Saturday, December 27, 2008

Parsing "real" C code in ruby using CAST.

CAST - parser for C written in Ruby is a pretty nice piece of machinery. One drawback it has - it does not have the preprocessor. And it chokes on "#" origin file marks left by CPP. So, as a first step to making it more fun for real-world use, I made it more user-friendly when it comes to parsing the CPP-digested files.

The algorithm (if I may call it like that) is dead simple: read the lines from CPP-digested file,
and create a "compressed" content, with empty lines and #-lines removed. Also need to do some gsub()-style replacement of some gcc-isms before stuffing them into the compressed content. For each line of compressed content, record the original line#, as well as track the pre-CPP filename and line#. When/if CAST barfs, catch the exception and parse the line# from the message. Then lookup in the info that you've generated previously - and generate your own exception, this time supplying the miscellaneous goodies like the pre-processed file and its line number.

With the resulting wrapper parser it seems like I can parse a lot of my personally written sources. The cool part is that it catches where I have a bit "stretched" the gcc's kindness - cast's parser is stricter than GCC. I'm not sure if it is "pure C99", but it's a good thing to have something like this.

The only tiny gotcha I got caught with while coding this little 80-line piece: line number == array index + 1. I named one variable "linenumber" whereas really it was counting the array index - so indeed shot myself in the foot a bit later. Sometimes I wonder why don't we all start counting from zero, really.

Update: here's the ruby hack that allows the CAST to not barf on the preprocessed file. Again - the "real_code.c" is the file *after* the cpp processing. One could write their own preprocessor indeed, but I just reused cpp.

require 'rubygems'
require 'cast'

# "prepare" a line - strip any of the gcc internal stuff from it,
# and any other things we do not understand.

def prepare_line(str)
line = str.strip
line = line.gsub(/\(\(__.*\)\)/, "").gsub(/__(attribute|extension)__/, "")
line = line.gsub(/__const /, "const ")
line = line.gsub(/__restrict /, "")
line = line.gsub(/__asm__\s*\(.*\)/, "")

# "prepare" the preprocessed output in array "lines"
# taken from file fname (filename used only for error messages)
def prepare_lines(fname, lines)
# blob that will be parseable by CAST
real_text =
# info about the lines in the blob
real_info =
original_file = fname
original_lineno = 1
lines.each_with_index do |line, idx|
real_line = prepare_line(line)

if real_line =~ /^#\s+(\d+)\s+"([^"]+)"((?:\s+.*)?)$/
num = $1.to_i
fn = $2
misc = $3
original_file = fn
original_lineno = num # minus something ?
# puts "== set #{original_file}:#{original_lineno}"
if real_line =~ /^#/
raise real_line
unless real_line =~ /^$/
real_text << real_line
real_info << { :file => original_file, :lineno => original_lineno,
:debug_file => fname, :debug_lineno => idx+1 }
# puts "#{original_file}:#{original_lineno}:#{real_line}"

original_lineno += 1
[ real_text, real_info ]
def parse_c(fname)
lines ="\n")

text, info = prepare_lines(fname, lines)
blobtext = text.join("\n")

parser =
parser.type_names << "__builtin_va_list"
parser.type_names << "double"
tree = nil

print "Parse start...\n"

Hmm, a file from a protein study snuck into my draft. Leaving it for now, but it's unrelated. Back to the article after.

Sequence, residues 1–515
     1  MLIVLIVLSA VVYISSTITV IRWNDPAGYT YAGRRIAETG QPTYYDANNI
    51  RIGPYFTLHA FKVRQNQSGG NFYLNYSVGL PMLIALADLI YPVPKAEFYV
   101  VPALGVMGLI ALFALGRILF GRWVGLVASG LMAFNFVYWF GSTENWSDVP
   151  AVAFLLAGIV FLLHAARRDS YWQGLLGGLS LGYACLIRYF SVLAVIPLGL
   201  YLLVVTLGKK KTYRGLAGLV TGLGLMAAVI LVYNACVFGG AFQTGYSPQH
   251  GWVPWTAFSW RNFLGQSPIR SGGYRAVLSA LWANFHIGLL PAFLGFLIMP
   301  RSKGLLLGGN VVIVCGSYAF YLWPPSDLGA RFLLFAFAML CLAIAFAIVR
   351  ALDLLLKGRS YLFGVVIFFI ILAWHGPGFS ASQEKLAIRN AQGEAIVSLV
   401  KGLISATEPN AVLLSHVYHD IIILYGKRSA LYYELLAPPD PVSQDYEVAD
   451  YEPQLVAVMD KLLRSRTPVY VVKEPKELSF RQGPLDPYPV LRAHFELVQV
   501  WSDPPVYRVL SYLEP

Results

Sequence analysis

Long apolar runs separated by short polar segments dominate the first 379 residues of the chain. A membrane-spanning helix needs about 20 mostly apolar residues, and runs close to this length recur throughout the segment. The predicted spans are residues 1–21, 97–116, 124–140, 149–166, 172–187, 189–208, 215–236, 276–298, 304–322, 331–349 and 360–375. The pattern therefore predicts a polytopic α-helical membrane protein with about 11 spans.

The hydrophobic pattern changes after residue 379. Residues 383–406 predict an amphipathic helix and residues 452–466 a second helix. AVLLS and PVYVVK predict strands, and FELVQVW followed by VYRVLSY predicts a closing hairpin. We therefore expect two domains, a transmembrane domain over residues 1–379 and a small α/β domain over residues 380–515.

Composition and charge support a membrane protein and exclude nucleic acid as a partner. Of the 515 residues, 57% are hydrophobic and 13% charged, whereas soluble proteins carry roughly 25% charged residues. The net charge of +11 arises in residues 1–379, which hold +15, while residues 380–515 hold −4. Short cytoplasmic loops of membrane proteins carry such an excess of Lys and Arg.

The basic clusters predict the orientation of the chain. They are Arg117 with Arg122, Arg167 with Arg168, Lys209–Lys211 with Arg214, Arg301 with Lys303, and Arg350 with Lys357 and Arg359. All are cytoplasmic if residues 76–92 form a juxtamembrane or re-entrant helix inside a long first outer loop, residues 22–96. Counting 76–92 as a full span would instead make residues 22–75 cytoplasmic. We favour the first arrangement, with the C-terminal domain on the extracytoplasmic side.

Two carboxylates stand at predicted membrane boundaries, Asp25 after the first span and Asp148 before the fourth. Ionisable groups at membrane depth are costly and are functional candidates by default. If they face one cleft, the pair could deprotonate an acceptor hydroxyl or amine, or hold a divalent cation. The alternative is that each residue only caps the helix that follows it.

tree = parser.parse(blobtext)
print "Parse end...\n"
rescue Exception => e
puts "Got exception: #{e.inspect}"
if e.message =~ /^(\d+):(.*)$/
errline = $1.to_i
errmsg = $2
ei = info[errline-1]
src = text[errline-2 .. errline+1].join("\n")
# puts "source lines: #{src}"

raise "Error in #{ei[:file]}:#{ei[:lineno]} (#{ei[:debug_file]}:#{ei[:debug_lineno]}) : #{errmsg}"

raise "unparseable error message from parser"


tree = parse_c("real_code.c")

# puts tree.to_s
p tree


Etienne Savard said...


I'm pretty new to Ruby and I too try to use Cast to parse real life C files.

I'm wondering how you modified Cast to ignore preprocessor directives?


Etienne Savard

Andrew Yourtchenko said...

hi Etienne,

just to clarify - I've been parsing what's left *after* the CPP preprocessing, so the directives were already preprocessed by the preprocessor ;) It was mostly the markup "this line is line #10 of file foo.c" that I got rid of.

If that's what you are looking for, I see if I find back the code still and will update the post with it.

Andrew Yourtchenko said...

Also, for the real-world code, you'll most certainly encounter the gcc-isms - which I simply trashed with a very ugly regex hack, but if you are doing anything beyond the mind entertainment (like it was mostly in my case), you'd need to somehow handle them.

A pointer which you might be interested in would be clang ( - it claims to be gcc-compatible, so maybe would be useful if you hack it to Ruby.

I think for my purposes (getting rid of pretty obscene-looking C syntax constructs which are currently done with very ugly macros) I am going to just use Lua with some dynamic code bound to it.

Etienne Savard said...

Hi Andrew,

Thanks for you response.

I have trouble with cast when parsing plain C file. I don't need or plan to parse the source code after the CPP preprocessing. I have to deal with the files without using the compiler (which is MSVC8 in my case).

I got an error from my ruby script when cast encounter the first "#include" in my file. If I remove the preprocessor directives from my file, the parsing work great.

I have around 30 files to parse (all ANSI C). If I could parse the files without removing the preprocessor directives it will be great. Your code to remove the # from the preprocessor output could work in my case also.



Andrew Yourtchenko said...

hi Etienne,

ok then probably this little hack is not going to be very useful to you - as I was parsing the C code *after* it was handled by the preprocessor.

You will need to write your own preprocessor in case you want to avoid using cpp.